The covered call strategy is a reliable way to generate income in your investment account on a monthly basis. Basically, this investment approach captures income by selling call option contracts, which speculators purchase in hopes that they will generate outsized returns as stock prices advance. By selling call options, we allow these speculators the chance to make large profits, while we collect high-probability income payments.

Here's how the covered call process works: We purchase shares of stock the same way a traditional investor would. We then sell call option contracts against these shares (one for every 100 shares that we own). Selling these contracts obligates us to sell our stock at the option's strike price, provided the market price is above this level before the option expires.

This approach puts a cap on our potential return because regardless of how high the stock trades, we will still be obligated to sell at the strike price. However, since we are receiving a payment from selling the call contract, known as a premium, this income is very reliable and gives us a much higher probability of a positive return on our investment. So the covered call approach sacrifices the potential for a very high return in exchange for a more stable, reliable income stream.

Choosing Which Call Option Contract to Use

Option contracts are available on a monthly (and in many cases, weekly) basis, giving us more choices in terms of which contracts we want to sell. Traditional call option contracts expire on the Saturday after the third Friday of each month.

When implementing a covered call trade in our account, we must choose an expiration date. Typically, the more time left until expiration, the higher the price will be for the call option. This is because the contract is more attractive to buyers, because a longer time horizon allows the stock more time to trade higher, giving the owner a greater chance to profit. From our perspective as call sellers, a higher price means that we receive more income from selling the contract.

While more income is certainly desirable, we need to always think about how much time is required for the trade to be completed. So while we may set up a covered call trade that pays us an 8% return over the course of the next six months, that return might be less attractive than a 4% return that would be completed in just two months' time.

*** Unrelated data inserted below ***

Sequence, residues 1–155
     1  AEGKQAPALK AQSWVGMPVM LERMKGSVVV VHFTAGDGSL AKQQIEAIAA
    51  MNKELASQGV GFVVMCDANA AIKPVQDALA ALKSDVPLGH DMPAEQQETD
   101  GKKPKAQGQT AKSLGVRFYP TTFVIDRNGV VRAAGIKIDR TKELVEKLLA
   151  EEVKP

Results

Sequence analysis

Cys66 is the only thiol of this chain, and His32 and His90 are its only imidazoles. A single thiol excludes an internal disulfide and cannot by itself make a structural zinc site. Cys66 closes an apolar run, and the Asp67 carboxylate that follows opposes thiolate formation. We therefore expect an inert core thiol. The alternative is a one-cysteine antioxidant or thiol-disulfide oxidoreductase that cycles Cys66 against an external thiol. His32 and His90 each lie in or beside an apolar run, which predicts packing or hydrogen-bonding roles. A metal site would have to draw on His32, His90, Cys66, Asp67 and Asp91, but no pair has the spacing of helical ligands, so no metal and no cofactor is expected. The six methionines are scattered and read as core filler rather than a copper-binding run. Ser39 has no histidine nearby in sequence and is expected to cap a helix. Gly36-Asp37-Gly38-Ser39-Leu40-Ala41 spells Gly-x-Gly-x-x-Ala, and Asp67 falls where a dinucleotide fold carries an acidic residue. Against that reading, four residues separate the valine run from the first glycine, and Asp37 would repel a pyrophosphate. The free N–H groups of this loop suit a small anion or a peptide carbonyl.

As a general rule, I typically like to sell call options that expire over the next four to eight weeks. These contracts tend to offer the best per-year rate of return because they expire relatively quickly. Once the contracts expire, we will either be obligated to sell our stock and will then have the capital available to invest in a new covered call setup, or the calls will expire worthless and we will have the option of selling additional contracts to create more income.

While this relatively short-term approach can yield very attractive rates of return, the strategy embraces a bit more risk depending on the strike price of the calls that you sell. This is because the stock could trade significantly lower while waiting for the option to expire. And because shorter-term contracts are sold at a lower price, we don't have as much income from selling this contract to offset the potential losses in the stock.

During turbulent, high-risk market environments, and especially during bear markets, it sometimes makes more sense to sell longer-term option contracts. Remember, the longer the time frame of the option contract, the higher the price for the call options. So by selling longer-term contracts, we are collecting more income in our investment account.

This way, even if the stock trades a good bit lower, we have more income from selling a higher-priced call option to offset the losses in the stock. Of course, selling long-term contracts can have a drawback as well, namely that our capital is tied up in the trade for a longer period. This is especially frustrating if the market begins to move sharply higher, because we have our gains capped by the covered call structure.

But during periods of uncertainty, the additional income and increased stability may be well worth the risk of missing out on the next leg higher. As is usually the case with investing, the protection of capital should be your first and foremost concern, with the appreciation of capital being the secondary objective.

Using longer-term option contracts during high-risk periods gives you a chance to continue to collect reliable income from the covered call strategy, while doing more to protect your initial capital and bypassing much of the volatility that traditional, stock-only investors must endure.